Folkish. What does it mean?


To be “folkish” means to be “of a folk”…a tribe, ethnic or racial group, or a nation (in the original sense of the word, as in “the Sioux nation”). To say that we are “folkish Asatru” means nothing more or less than to say that we see Asatru as a native religion – a religion of a particular people; specifically, Europeans.

The world is full of native religions, on every continent – to include North America. These hundreds – perhaps thousands – of tribes, bands and nations around the planet are each “the religion of a particular people.” Few if any of them allow participation in their religious rites by outsiders beyond a certain level. Take for example the Native Americans. Yes, anyone can come and watch dances at a powwow. But there comes a point where outsiders are excluded. This point differs from tribe to tribe and from culture to culture, but in the real world, indigenous people share their deepest rites rarely – or not at all. This is what being “folkish” is all about.

There is a common attitude among indigenous people that their religion is proprietary: that it in some sense “belongs” to the group in question. Some of the Sioux, in particular, have been especially vocal about the appropriation of their religious ceremonies and symbols by non-Indians. This attitude of ownership has been noted and approved by left-wing writers, and while I very much agree with them, I wish that the innate connection between the European people and their ancient faiths was likewise recognized…especially by European-descended people themselves!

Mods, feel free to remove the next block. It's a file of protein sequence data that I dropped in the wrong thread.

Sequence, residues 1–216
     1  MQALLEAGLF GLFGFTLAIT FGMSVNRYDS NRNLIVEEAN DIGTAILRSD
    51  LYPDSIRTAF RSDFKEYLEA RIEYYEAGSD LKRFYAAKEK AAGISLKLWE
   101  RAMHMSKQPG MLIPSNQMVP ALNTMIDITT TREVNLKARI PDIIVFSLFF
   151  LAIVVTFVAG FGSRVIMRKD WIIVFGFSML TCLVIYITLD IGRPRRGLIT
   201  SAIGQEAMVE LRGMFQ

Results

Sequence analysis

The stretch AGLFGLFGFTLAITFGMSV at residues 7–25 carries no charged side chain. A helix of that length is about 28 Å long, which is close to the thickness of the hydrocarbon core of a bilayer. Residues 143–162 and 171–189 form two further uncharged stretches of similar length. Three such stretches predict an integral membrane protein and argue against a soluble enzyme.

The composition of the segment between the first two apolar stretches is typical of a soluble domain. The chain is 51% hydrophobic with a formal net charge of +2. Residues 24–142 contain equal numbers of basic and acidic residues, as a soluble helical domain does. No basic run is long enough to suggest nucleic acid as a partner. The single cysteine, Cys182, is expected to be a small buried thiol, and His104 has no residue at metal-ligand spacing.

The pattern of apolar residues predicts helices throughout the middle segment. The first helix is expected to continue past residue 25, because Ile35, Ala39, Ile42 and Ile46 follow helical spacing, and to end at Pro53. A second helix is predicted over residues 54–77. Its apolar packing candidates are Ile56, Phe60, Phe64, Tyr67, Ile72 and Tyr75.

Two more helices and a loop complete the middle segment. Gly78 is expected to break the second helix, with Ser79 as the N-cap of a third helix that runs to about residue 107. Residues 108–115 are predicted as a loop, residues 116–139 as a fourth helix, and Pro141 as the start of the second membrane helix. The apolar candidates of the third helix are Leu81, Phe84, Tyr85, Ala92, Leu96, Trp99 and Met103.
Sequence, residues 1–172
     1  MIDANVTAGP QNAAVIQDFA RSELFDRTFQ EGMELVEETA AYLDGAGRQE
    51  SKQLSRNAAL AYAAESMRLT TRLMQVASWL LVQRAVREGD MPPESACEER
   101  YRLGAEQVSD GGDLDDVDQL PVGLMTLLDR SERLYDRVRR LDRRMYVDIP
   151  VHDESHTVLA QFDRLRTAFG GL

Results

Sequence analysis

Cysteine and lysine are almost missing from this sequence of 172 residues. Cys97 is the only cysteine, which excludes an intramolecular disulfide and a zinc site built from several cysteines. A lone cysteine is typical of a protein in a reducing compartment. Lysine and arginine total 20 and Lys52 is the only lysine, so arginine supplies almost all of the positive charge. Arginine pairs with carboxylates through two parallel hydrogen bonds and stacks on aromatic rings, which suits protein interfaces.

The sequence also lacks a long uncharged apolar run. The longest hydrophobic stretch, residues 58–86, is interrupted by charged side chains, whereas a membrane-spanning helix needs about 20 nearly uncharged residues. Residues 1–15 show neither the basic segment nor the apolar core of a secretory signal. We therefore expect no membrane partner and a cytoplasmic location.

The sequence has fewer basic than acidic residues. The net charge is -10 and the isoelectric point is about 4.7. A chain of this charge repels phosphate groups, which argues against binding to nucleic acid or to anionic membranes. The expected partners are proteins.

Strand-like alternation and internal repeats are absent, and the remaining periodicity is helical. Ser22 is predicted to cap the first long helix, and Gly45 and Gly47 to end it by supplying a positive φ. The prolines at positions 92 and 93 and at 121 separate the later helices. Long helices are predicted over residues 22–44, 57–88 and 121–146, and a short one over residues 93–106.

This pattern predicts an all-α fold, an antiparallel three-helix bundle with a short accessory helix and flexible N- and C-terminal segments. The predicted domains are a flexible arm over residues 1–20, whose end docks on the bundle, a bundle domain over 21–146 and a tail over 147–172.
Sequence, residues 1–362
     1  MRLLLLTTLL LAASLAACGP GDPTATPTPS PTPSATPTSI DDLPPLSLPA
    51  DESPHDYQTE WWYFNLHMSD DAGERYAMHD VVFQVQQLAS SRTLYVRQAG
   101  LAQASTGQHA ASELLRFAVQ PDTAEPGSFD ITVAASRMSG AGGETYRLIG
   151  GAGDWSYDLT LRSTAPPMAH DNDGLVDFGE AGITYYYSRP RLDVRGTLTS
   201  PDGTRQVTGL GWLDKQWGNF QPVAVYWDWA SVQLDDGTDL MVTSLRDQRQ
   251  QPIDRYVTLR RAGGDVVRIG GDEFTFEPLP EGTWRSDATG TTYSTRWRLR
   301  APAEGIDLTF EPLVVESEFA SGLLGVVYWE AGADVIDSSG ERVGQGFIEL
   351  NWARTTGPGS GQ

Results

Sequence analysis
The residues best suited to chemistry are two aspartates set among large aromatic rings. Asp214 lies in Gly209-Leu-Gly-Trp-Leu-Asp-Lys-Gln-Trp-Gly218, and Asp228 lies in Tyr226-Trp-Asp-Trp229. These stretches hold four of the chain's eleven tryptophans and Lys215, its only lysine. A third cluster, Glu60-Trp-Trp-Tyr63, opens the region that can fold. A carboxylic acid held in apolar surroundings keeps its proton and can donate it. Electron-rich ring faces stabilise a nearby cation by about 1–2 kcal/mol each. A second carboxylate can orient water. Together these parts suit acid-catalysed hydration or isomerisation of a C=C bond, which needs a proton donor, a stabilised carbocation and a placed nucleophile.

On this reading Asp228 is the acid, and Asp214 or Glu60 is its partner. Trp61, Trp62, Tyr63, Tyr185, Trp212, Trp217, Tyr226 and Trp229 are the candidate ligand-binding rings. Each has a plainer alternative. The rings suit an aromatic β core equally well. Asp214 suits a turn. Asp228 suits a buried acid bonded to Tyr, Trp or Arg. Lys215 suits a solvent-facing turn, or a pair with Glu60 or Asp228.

Those who are critical of folkish Asatru seldom extend their criticism to Asians, Africans, South Americans, and the Native Americans of North America. Apparently, folkish religion is bad only if Europeans practice it.

The position of the Asatru Folk Assembly is that all native religions spring from the soul of a particular people. It is the distilled spiritual experience of that people, passed on to them by their ancestors. We respect that special relationship and stand in solidarity with all peoples, anywhere in the world, who seek to protect their spiritual and cultural heritage from appropriation, exploitation, or dilution.

Hail the Gods!
Hail the AFA!
Steve McNallen

Taken from Steve McAllen of Asatru Folk Assembly


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